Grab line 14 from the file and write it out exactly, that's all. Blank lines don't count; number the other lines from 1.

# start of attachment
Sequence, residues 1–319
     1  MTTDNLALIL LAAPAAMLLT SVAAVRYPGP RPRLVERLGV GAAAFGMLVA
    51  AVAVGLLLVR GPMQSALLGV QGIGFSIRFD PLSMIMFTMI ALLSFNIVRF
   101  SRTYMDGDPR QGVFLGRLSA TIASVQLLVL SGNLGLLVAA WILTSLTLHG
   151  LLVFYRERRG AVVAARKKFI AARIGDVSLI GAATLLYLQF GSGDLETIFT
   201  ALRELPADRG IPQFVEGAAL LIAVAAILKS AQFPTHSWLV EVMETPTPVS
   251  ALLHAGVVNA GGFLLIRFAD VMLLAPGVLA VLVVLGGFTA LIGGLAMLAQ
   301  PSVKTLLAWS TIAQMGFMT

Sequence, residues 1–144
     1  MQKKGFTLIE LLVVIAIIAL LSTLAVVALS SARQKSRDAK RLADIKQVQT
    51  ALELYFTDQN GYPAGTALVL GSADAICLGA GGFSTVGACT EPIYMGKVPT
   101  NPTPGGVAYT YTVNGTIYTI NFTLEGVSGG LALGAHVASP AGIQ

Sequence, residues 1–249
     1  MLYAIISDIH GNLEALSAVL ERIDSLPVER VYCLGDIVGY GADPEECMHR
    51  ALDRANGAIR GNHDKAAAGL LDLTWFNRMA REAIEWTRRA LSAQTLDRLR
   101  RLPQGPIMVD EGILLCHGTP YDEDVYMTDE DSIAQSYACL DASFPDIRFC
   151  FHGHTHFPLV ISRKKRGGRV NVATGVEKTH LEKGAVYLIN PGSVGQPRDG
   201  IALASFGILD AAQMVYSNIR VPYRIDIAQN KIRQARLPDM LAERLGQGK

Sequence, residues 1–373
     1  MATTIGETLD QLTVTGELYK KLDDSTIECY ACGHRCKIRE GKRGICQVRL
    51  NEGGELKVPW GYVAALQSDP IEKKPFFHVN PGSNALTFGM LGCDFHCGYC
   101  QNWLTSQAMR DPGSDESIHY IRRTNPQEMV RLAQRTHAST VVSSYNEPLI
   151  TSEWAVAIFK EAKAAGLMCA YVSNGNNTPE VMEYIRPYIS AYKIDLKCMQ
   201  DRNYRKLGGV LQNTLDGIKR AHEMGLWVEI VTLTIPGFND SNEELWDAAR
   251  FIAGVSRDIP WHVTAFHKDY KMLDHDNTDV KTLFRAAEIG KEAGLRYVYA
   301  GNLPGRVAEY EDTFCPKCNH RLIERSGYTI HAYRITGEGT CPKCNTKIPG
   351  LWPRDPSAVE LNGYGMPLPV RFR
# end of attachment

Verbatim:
     1  MLYAIISDIH GNLEALSAVL ERIDSLPVER VYCLGDIVGY GADPEECMHR